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Old 12-26-2004, 10:11 PM
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flycut piston valve reliefs

I have a general question about flycut piston valve reliefs.

Starting with flat top postions, I can find where valve relief cuts should be made using plasticine (modeling clay) on top of the pistons.

I read that closest proximity between valves and a piston with some cams is NOT tdc but might be anywhere between 10-20 deg after tdc on the intake.

I read that some people use the Isky flycutting tool and some people take the pistons to the machine shop. If I calculate the required distance using the clay, how do I tell the machine shop what angle to cut the valve reliefs?

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Old 12-27-2004, 11:49 AM
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valve angle

To get the proper flycut angle will require knowing what the angle is in relation to the deck of the piston and the valve itself. You will notice that there are aftermarket head that are called 13 degree, 18 degree etc. What this means is that the valve stem is that many degrees off of the perpendicular centerline of the piston deck, or block deck. A good competent machine shop that deals with building performance engines will know what you need and can deal with it accordingly.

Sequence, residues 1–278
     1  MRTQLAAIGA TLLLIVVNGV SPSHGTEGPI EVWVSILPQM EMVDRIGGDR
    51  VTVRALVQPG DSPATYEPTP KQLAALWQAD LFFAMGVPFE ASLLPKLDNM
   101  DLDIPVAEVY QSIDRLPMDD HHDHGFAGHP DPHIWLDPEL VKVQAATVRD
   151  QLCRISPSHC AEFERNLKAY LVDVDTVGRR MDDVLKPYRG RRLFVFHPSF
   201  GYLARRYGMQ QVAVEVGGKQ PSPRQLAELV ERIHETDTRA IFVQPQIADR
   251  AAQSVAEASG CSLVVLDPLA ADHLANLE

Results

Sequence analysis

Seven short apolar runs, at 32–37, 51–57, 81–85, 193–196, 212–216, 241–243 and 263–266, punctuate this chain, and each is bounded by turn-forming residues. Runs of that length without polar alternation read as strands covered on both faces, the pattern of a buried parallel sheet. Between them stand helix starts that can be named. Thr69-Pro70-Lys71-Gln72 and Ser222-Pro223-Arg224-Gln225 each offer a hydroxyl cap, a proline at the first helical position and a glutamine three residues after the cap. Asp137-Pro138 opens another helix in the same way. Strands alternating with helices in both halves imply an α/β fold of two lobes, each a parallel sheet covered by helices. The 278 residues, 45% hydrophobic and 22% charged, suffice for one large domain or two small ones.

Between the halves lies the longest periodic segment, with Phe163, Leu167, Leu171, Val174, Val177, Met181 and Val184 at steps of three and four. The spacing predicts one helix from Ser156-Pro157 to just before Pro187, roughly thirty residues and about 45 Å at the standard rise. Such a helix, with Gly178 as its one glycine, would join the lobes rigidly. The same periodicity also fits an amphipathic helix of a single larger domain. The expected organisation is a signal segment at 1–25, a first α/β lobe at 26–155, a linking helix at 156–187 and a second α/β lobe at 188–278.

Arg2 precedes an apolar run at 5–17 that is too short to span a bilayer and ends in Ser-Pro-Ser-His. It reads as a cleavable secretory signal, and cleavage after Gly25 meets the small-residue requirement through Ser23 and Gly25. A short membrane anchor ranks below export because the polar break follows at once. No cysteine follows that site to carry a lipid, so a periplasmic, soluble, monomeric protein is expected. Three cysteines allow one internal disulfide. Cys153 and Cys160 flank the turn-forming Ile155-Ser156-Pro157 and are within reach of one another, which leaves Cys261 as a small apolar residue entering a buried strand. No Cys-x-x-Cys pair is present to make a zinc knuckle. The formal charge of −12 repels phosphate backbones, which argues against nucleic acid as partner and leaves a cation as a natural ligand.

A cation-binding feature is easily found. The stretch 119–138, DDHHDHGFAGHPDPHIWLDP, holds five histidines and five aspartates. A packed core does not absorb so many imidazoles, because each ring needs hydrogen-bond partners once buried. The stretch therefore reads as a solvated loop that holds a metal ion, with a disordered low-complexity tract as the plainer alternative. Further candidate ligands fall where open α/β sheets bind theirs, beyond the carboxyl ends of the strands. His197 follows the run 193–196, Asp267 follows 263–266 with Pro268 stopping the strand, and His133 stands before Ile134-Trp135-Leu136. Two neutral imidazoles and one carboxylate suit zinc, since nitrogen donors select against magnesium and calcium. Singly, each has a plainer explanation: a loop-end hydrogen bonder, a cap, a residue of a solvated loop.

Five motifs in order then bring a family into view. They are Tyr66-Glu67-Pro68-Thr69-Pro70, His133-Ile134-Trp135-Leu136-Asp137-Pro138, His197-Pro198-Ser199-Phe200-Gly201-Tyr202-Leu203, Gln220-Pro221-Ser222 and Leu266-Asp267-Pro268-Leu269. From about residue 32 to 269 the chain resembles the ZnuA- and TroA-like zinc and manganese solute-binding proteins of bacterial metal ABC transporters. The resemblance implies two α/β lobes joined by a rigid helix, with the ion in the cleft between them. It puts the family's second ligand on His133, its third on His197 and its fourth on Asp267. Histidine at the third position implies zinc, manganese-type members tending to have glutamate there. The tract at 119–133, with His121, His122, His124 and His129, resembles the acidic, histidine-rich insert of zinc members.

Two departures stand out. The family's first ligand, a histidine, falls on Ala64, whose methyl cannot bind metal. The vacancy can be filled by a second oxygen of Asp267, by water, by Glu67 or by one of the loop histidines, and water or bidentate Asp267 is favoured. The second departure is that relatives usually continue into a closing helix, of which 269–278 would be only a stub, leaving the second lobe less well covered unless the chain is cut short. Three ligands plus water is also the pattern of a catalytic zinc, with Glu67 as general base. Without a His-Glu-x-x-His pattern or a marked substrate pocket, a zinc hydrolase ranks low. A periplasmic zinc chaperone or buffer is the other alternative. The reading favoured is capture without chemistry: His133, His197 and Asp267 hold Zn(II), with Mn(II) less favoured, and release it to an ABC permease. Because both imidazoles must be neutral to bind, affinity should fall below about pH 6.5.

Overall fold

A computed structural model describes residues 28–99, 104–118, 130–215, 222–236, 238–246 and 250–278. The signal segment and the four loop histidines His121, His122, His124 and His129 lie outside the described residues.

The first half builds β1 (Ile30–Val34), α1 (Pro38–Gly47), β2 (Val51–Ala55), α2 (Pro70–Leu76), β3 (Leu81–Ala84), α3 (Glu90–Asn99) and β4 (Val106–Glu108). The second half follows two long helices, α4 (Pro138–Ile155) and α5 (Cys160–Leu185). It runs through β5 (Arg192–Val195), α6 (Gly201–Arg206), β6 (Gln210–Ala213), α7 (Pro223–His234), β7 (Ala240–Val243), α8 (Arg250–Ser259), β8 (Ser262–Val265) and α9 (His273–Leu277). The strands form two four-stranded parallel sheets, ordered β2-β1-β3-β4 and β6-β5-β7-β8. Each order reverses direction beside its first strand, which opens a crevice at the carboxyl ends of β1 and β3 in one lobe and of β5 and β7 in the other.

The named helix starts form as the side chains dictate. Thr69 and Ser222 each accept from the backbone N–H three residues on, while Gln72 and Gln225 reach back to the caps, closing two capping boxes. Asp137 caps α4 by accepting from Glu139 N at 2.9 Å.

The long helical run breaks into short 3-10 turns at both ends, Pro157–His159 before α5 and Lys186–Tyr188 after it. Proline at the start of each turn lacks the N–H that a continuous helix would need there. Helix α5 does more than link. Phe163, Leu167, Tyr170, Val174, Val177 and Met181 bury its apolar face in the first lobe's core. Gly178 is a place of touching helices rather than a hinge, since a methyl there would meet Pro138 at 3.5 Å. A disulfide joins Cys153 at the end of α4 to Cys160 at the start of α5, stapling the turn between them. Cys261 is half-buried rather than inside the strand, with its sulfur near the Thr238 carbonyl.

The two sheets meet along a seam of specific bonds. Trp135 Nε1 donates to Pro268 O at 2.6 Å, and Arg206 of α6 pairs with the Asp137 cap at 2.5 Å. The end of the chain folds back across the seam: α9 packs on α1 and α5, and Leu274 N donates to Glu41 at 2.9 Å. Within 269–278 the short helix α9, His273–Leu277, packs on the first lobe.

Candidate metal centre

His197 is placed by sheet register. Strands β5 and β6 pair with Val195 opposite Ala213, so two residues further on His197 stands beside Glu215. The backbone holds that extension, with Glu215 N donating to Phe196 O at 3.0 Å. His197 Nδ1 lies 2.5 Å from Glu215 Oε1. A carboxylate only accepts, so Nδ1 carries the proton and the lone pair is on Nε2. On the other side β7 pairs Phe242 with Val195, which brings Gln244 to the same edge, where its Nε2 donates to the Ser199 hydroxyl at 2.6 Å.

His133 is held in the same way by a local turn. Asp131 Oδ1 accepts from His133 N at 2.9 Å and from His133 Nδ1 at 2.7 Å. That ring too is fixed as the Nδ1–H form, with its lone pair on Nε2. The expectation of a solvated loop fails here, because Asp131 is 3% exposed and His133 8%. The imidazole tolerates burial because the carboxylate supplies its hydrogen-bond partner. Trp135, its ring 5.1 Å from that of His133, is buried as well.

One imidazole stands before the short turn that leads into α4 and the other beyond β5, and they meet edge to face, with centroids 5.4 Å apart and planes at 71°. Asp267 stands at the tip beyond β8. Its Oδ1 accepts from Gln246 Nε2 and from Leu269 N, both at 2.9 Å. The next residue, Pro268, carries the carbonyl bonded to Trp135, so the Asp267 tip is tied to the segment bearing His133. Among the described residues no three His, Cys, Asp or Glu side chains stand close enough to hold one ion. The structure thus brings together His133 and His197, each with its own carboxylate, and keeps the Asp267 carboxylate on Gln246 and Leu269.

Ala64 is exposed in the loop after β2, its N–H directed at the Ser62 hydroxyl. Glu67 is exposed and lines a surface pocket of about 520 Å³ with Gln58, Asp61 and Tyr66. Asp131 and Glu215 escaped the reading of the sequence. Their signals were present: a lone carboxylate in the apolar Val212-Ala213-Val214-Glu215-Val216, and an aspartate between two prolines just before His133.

Unless you have the jigging equipment, I dont recommend doing this in your garage. This isnt something you can just chuck into a drill and start cutting.

I got involved in this at one time and used a section of head and an engine block. The flycutter I used was designed for just such an application.

I had the block bored for different sized pistons (overbores), and with an old crank in the block, I would put the piston and rod assembly in the cylinder with the crank turned to TDC, then with a collar stop in the stem of the cutter, would actually use a half inch drill to make the fly cuts.

It worked pretty well. However, unless you expect to have to do this quite often, or are doing it for other people as well, I dont recommend spending your money and time on such a project, as doing it yourself.
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